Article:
Hernandez hanged himself in his cell days after being acquitted in a double-murder case from 2012.
A judge threw out Hernandez's conviction after his death, citing the legal principle that holds that it's unfair to keep a conviction in place before a defendant had a chance to clear their names on appeal.
Moving forward under the new rule laid out by the court, the conviction will stand but the permanent record will note it was neither affirmed nor reversed at the appeal level due to the defendant's death. 'We are pleased justice is served in this case, the antiquated practice of vacating a valid conviction is being eliminated and the victim's family can get the closure they deserve'.
MA courts had generally recognized a legal rule called "abatement ab initio", or abatement, in which convictions are thrown out if a defendant dies prior his or her appeal being resolved.
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Hernandez attorney John Thompson said the manner of death should not matter - when a person dies while his conviction is under direct appeal, the conviction should be vacated.
Lawyer John Thompson, who said he was representing "the spirit of Aaron Hernandez", said this would be unfair as the defendant - a critical part of any case - is dead, and can not provide context or help to attorneys to properly appeal his case.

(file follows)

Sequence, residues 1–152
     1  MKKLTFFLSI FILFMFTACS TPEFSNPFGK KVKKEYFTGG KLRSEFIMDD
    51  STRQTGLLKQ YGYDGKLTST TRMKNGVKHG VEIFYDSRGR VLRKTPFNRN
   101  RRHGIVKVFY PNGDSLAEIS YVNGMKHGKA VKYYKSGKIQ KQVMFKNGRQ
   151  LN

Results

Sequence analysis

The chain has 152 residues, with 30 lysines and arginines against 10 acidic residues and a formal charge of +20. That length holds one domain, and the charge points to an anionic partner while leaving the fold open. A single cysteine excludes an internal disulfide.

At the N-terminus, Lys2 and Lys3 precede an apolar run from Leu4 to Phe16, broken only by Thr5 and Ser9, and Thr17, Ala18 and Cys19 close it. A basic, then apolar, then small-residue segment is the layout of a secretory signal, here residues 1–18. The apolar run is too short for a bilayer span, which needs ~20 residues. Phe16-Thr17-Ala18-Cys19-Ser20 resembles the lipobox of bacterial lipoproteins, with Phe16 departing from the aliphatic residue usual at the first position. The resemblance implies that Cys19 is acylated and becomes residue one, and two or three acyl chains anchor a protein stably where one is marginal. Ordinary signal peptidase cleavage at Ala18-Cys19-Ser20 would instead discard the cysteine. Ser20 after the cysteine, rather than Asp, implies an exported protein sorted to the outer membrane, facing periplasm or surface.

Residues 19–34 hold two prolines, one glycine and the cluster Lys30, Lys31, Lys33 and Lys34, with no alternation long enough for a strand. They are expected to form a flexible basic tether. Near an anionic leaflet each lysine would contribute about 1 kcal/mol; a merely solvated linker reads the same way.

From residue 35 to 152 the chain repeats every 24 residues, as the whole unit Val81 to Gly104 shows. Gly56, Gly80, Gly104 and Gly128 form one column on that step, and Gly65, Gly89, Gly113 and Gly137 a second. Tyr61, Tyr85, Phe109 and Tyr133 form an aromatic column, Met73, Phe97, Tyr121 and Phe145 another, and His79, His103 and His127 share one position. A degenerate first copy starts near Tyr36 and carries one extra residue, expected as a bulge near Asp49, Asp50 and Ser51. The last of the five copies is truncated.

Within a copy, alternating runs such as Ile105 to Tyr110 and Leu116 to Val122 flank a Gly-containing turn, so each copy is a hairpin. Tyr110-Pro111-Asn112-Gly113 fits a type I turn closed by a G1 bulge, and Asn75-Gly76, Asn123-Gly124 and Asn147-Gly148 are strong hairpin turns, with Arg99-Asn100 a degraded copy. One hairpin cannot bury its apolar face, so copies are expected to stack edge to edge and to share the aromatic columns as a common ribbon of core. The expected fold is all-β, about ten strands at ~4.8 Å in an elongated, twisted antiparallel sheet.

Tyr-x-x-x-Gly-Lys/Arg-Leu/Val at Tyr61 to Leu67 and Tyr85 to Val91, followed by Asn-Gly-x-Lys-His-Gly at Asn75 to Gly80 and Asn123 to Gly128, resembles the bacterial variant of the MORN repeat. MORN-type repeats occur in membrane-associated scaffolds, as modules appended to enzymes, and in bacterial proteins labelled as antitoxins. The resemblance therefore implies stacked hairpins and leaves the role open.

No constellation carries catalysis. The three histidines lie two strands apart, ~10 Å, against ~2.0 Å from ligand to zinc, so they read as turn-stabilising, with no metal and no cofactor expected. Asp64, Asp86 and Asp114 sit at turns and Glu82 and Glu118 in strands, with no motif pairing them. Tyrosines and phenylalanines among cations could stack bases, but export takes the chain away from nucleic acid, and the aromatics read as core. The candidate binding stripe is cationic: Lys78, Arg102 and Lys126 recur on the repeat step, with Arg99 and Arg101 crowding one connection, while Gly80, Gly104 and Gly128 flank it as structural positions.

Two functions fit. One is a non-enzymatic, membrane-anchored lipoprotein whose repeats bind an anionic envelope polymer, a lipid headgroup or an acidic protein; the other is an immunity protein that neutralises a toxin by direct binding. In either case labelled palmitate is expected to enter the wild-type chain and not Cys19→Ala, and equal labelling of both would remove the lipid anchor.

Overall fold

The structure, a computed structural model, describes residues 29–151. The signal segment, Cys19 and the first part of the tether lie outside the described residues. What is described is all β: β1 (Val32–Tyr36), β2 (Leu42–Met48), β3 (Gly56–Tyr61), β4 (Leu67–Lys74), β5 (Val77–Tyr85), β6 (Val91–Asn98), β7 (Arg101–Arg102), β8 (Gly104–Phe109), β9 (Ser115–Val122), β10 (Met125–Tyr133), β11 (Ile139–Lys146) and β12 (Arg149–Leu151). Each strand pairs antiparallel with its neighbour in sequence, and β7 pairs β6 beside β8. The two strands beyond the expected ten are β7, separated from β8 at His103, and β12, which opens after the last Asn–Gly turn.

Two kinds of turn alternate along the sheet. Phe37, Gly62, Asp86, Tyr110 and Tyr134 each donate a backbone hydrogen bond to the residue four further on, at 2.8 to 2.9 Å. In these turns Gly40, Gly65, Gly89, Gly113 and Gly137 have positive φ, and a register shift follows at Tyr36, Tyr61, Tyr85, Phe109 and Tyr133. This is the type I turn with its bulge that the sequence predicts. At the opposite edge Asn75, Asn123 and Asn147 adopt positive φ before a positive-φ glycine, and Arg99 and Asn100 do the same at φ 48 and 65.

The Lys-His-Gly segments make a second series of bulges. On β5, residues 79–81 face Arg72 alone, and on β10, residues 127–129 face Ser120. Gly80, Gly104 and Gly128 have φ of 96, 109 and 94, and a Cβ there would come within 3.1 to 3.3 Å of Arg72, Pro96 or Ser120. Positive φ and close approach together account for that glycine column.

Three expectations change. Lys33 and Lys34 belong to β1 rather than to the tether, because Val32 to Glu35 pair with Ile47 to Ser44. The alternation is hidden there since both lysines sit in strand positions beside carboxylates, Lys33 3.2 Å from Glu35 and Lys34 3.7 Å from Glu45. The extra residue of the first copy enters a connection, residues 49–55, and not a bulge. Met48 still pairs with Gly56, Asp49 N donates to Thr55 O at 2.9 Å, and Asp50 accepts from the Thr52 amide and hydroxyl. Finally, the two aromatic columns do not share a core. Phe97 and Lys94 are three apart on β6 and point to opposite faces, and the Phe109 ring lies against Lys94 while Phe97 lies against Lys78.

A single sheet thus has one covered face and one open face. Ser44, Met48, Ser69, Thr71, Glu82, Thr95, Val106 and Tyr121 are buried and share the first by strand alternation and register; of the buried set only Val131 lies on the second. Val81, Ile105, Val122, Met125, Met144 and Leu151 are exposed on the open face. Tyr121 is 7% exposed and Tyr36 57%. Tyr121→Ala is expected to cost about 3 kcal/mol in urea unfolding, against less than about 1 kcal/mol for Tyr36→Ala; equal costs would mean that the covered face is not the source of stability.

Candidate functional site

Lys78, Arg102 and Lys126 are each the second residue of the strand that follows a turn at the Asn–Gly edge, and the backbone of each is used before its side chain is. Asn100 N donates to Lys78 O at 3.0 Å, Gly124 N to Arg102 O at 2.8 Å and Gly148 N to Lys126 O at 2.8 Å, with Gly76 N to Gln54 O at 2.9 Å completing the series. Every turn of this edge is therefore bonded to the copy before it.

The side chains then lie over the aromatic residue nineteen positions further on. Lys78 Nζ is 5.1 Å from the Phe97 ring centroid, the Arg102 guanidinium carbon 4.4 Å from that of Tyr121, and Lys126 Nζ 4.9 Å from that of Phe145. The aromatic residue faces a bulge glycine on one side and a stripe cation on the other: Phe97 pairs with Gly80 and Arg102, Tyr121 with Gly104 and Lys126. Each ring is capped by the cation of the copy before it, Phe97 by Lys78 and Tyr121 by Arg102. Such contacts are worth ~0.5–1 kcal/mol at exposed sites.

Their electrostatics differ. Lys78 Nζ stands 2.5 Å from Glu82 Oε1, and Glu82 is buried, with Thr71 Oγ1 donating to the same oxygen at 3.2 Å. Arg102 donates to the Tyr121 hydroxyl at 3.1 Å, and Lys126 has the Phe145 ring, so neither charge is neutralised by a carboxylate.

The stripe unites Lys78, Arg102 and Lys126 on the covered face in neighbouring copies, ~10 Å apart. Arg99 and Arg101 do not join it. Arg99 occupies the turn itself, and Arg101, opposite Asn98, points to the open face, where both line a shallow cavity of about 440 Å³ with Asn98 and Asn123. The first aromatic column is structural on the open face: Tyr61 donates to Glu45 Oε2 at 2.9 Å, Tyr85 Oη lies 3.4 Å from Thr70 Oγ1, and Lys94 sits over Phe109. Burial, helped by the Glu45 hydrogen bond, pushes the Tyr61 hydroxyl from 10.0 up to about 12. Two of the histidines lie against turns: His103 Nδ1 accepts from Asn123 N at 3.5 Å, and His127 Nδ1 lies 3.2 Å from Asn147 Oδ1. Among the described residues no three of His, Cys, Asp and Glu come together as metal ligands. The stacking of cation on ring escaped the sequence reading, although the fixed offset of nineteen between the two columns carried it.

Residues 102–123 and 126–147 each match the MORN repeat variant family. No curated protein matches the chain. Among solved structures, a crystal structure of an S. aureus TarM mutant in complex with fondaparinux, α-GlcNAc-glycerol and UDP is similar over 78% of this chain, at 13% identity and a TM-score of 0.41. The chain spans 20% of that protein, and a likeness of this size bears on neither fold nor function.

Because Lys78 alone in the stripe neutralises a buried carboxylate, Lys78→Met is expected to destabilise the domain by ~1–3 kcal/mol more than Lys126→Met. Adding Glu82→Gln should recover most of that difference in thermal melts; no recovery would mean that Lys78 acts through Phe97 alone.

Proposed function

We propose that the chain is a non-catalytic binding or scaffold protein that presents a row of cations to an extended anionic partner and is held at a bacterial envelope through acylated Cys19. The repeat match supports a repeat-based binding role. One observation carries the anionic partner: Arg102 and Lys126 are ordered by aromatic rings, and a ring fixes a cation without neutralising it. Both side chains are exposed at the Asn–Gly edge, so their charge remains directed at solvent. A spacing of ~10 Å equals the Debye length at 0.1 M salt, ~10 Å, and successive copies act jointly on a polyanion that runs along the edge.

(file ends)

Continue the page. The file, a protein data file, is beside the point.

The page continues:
"The current practice. does not consider the interest of the other parties who have an interest in the outcome, ' Quinn told the Boston Globe at the time".
"What it means is that Lloyd's family might be able to collect from the estate", Bloom said. "It has solidified their faith in the Massachusetts Justice System".
Roman Catholic priest John Geoghan, a key figure in the clergy sex abuse scandal that rocked the Boston archdiocese and spread across the globe, also had his child molestation conviction vacated after he was beaten to death in 2003 in his cell at the same MA maximum-security prison where Hernandez died.